Share:

It’s difficult to stay driven if stress takes over. We’ve invited Donna Hubbard, life coach from Be Dynamic Coaching, to share her tips on how to build resilience to stress.

On a scale of 1 – 10, how stressed would you say you feel today? Wherever you place yourself on that scale right now, stress is something that can seriously affect all of us at times. The S word can negatively impact our productivity, decisions and overall happiness. So what exactly is stress and what can we do to minimise the level we experience in our lives?

Stress is…

“The adverse reaction people have to excessive pressures or demands placed upon them. Where those pressures exceed the person’s current perceived resources and coping ability.” International Stress Management Association, 2013

The best way to overcome something is to understand it more. Looking at the above definition we can see that it is hinting at the 2 areas we can focus on in order to develop a better stress management system for our lives. These areas are 1. our reaction and 2. our perception towards stress inducing situations. We’ll come back to cracking both of these things later…

But Isn’t A Bit of Stress Good For Us?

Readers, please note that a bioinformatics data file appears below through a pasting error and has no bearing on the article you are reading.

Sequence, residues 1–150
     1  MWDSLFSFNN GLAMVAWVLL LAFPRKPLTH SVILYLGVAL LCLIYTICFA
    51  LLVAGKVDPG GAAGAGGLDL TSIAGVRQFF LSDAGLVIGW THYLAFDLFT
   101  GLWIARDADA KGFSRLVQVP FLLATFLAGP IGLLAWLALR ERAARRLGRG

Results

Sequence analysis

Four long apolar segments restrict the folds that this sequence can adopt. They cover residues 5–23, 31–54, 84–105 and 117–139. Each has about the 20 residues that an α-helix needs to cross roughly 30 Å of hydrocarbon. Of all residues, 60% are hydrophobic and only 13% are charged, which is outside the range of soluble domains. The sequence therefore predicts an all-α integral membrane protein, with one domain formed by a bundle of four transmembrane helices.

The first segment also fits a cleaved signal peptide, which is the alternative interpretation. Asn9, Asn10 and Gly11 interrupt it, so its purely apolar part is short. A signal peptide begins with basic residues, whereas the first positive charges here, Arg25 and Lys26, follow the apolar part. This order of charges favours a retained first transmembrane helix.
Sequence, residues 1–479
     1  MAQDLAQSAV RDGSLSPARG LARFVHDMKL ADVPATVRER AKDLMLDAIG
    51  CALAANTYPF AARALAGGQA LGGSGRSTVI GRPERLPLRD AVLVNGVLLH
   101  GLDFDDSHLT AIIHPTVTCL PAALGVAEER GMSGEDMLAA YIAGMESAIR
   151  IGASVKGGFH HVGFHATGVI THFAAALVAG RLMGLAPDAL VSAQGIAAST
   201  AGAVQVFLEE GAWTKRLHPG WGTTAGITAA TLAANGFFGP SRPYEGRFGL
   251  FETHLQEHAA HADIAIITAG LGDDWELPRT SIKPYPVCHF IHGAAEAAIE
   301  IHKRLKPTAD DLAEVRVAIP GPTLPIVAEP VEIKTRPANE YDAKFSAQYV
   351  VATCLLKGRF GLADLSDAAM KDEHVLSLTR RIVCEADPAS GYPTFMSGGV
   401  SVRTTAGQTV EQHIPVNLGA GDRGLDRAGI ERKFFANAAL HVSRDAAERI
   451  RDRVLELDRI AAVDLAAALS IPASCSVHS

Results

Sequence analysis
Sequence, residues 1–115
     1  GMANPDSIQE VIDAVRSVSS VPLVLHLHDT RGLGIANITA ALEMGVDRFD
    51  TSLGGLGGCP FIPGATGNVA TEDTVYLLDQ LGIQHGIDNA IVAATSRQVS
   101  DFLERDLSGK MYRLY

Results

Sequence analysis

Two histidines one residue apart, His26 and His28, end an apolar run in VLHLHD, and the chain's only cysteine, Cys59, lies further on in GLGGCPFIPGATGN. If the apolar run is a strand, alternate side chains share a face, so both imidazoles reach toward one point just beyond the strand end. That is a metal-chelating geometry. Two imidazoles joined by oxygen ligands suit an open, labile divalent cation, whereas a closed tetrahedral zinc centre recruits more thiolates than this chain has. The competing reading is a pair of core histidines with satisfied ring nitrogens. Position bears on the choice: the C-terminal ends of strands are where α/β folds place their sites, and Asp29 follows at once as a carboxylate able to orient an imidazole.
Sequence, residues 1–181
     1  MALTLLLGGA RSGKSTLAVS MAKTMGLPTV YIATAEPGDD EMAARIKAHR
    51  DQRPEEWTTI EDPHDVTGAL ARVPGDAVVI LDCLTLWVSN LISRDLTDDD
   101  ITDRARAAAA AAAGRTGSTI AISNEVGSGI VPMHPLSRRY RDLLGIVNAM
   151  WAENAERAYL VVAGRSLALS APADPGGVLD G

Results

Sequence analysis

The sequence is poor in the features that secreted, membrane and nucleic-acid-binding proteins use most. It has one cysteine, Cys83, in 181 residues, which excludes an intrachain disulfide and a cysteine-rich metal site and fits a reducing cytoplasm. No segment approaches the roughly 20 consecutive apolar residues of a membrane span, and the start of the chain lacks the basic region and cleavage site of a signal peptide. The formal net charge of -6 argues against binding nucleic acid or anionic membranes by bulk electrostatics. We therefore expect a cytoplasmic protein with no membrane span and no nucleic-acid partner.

If we feel we have the resources both internally and externally (e.g. self confidence, experience, support etc.) to cope with a situation, then we will experience pressure and not stress. So even if we feel a little nervous about the outcome, all the time we perceive ourselves as being in the driving seat we will most likely enjoy the buzz this positive pressure (as it is sometimes known) gives us. Hands up if you are a little addicted to this feeling and recognise it as a positive force in your life that drives you? You certainly aren’t alone there…

Developing Your Resilience To Stress

Here’s 4 ways you can develop your resilience to stress and lead a happier, more balanced life.

1.Pinpoint the Gremlins

If you feel stress may be affecting your life, then the first step is to take a brave look at what is going on and why. So grab a pen and bit of paper and work through the questions below to pinpoint the gremlins (i.e. stressors) in your life right now.

– What situations are currently causing you stress? – Why do you think this is? What about this situation concerns you? – What impact is this stress having upon you and your life?

2. Evaluate What You’re Seeing

Here we tackle the perception part from the definition of stress above. Our perception has a profound impact on our experiences in life and here’s why…

What we Perceive /Think affects how we Feel, how we Feel affects how we Act and then our Actions further feed our Perception of a situation.

This is known as the Think – Feel– Act cycle founded in psychology and it explains why we do the things we do. Compare how you view the situations in your life that excite you with those that scare you, what’s the difference? Do you know people who are excited by the things that scare you and vice versa? This all comes down to the difference in our perceptions.